In the previous series, we discussed how important face-to-face and phone call conversations are as a means of communicating ideas. When it comes to formal business arrangements, however, there is no substitute for the written word. All of your written communications need to be clear, concise and grammatically correct in order to make sure that everyone understands what is being said and/or agreed to.

In the course of your business leadership, you are going to have to create many forms of writing. They will include:

  • Emails
  • Letters
  • PowerPoint presentations
  • To-do lists
  • Checklists
  • Business plans
  • Business proposals
  • Project specifications
  • Job descriptions
  • Reports for shareholders
  • Outlines for new initiatives
  • Speeches
  • Press releases

…and more.

Many people hate having to write, but the truth is that the better you are at clear written communication geared towards the right audience, the more effective a leader you will be.

Leverage Your Content

One of the best ways to create good written content easily is to write the essentials once, and repurpose them as needed. Keep all of your most important communications in clearly labeled files and folders. For example, your business plan, mission statement, quarterly reports and so on should all be at your fingertips. Your best PowerPoint presentations can easily be adapted to a range of situations.


Keep Great Records

Good leaders are well organized. Always have a paper trail of names, dates, times, places, emails, receipts and more for any important projects. These are essential for tax purposes if you are running a business. They also serve as back-up in case you need hard copies of all these items in the event that something happens to your computers.

Stay on top of all your filing, digital and paper. Keep at least two paper copies of all of your most important contracts: one for storage, and one for consulting and copying if needed.

Keep your computer and emails organized. Keep your papers filed properly in a fireproof cabinet so that you can lay your hand on important documents at a moment’s notice if you have to. Use back-up hard drives and cloud-based storage as well to ensure nothing ever gets lost.

Also, think about what would happen if something were ever to happen to you. We are not indispensable, of course. But in the event of an accident or illness, good organization can make things a great deal easier for anyone in the company who has to take over your duties if, God forbid, you were to become ill, or if you yourself were ever to be laid off.

Learning and Teaching Good Written Communication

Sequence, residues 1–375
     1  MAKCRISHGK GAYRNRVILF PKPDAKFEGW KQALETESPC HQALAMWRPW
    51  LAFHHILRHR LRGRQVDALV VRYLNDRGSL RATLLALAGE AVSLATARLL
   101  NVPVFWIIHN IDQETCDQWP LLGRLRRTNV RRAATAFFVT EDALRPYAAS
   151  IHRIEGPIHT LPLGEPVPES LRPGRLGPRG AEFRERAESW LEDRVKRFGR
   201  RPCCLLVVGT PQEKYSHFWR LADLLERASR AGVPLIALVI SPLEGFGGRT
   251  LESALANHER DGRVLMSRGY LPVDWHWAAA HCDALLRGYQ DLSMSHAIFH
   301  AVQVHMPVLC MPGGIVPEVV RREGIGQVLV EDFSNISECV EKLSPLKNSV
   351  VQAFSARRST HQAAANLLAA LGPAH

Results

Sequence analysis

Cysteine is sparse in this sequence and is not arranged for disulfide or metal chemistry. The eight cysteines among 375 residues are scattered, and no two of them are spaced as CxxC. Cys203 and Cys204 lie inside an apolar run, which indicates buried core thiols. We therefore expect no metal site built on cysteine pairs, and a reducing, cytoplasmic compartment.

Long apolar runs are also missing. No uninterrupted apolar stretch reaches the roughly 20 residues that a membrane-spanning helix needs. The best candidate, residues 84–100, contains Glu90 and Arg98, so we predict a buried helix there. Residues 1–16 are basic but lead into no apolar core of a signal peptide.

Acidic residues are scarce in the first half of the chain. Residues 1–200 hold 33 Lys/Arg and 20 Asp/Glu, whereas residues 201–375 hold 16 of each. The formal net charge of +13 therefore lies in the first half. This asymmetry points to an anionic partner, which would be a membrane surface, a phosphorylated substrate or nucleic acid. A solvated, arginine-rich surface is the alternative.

As with most things in life, good writing takes practice. The good news is that the more you do it, the more you will improve your skills. Good written communication is essential for leadership and getting results. Following instructions and giving clear instructions can make all the difference between success and failure.

A good leader needs to explain his/her goals and vision for the future no matter what project or task s/he is leading. No one is a mind reader and everyone needs to share information on more complicated projects in order for everything to get done.

State what you want clearly. Anticipate any questions readers might have. Assemble all of the information your audience will need in order to complete a task, and support them as they work on it.

Instruct your staff as to how you wish to be communicated with. Show a high standard of excellence by proofreading every email you send out. Don’t rush. Use your spelling and grammar checker and read everything through at least one more time after that, before hitting the Send key.

Instruct as needed and then let your staff take charge rather than hovering over them. You might be pleasantly surprised at the results.

Watch Your Words

Words have power. Just look at any interesting editorial in a newspaper or some of the world’s most famous speeches in history. Say what you mean and mean what you say. There’s no need to use fancy words and sound like a dictionary. Be clear and to the point so that everyone who reads what you have written can understand it. Use a thesaurus as needed to find synonyms. Look up any words in the dictionary that you don’t know.

Watch Your Paragraphs

Short, sharp paragraphs work best for business writing, as well as for digital communications such as emails, websites and PowerPoint decks. There’s no need to write long-winded college essays to get your point across.

Teaching leadership skills and good communications might be difficult at times, but it can be worth it if you are able to run a more efficient company – with better communications that people will be interested in reading, and that instruct your staff and ensures everyone is on the same page.

Some people argue that there will always be leaders and followers and that some people are born leaders. They might have a strong personality and wish to be a leader, but it will take a special kind of person to get other people to follow them. They will usually accomplish this through visible achievement – that is, leading by example and thus showing others how things are done.

A good leader can demonstrate how to communicate well through doing it themselves, making it a priority in their face-to-face, phone and written interactions. Assess yourself as a communicator in your leadership role and see if you can improve. In this way, you can travel even further along the road to success as a leader.

To your best success!


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